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New Zealand Sheep breeds

South Suffolk

The South Suffolk first appeared in New Zealand during the 1930s in response to overseas demand for leaner meat. It is a New Zealand breed developed in Canterbury by a Southdown stud breeder, George Gould, who was also responsible for introducing Suffolks to this country. Gould wanted a specialist breed to meet the requirements of a price schedule for prime lamb cuts that carried penalties for too much fat. The breed incorporates the quick maturity and carcase shape of the Southdown and the high flesh-to-fat ration of the Suffolk.

The South Suffolk became a registered breed in 1958 and is being used increasingly as a terminal sire for fat-lamb production.

The typically Down wool is used for fine apparels and hand-knitting yarns.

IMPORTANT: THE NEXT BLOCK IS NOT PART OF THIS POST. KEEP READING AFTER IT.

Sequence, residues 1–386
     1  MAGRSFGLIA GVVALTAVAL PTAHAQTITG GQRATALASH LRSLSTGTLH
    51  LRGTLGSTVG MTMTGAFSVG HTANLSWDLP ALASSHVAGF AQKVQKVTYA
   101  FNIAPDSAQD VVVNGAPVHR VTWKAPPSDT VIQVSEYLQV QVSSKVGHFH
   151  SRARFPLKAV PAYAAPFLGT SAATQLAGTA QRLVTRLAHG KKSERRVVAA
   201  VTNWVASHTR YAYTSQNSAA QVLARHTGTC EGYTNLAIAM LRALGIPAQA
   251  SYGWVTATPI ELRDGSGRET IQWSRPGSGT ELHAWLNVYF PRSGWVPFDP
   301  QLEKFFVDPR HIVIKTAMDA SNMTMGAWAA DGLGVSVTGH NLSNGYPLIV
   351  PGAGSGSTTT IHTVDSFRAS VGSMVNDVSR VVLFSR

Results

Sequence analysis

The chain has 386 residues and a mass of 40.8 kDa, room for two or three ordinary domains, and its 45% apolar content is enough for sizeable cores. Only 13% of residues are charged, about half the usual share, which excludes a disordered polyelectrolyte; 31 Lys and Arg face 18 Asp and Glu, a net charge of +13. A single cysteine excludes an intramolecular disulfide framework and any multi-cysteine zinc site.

Classification:
Meat breed used as a terminal crossing sire. Short Down wool with some pigmented fibres. High yielding carcase, ideal for further processing.

Found:
Throughout New Zealand.

Description:
Medium-sized sheep with dark brown face, ears and legs free from wool.

Numbers:
94,000

Body weight:
Ewes: 60–75 kg
Rams: 80–100 kg

Wool production:
Fibre diameter 27–33 microns
Staple length 50–75 mm
Fleece weight 2–3 kg

Lamb production:
130–160 per cent

 

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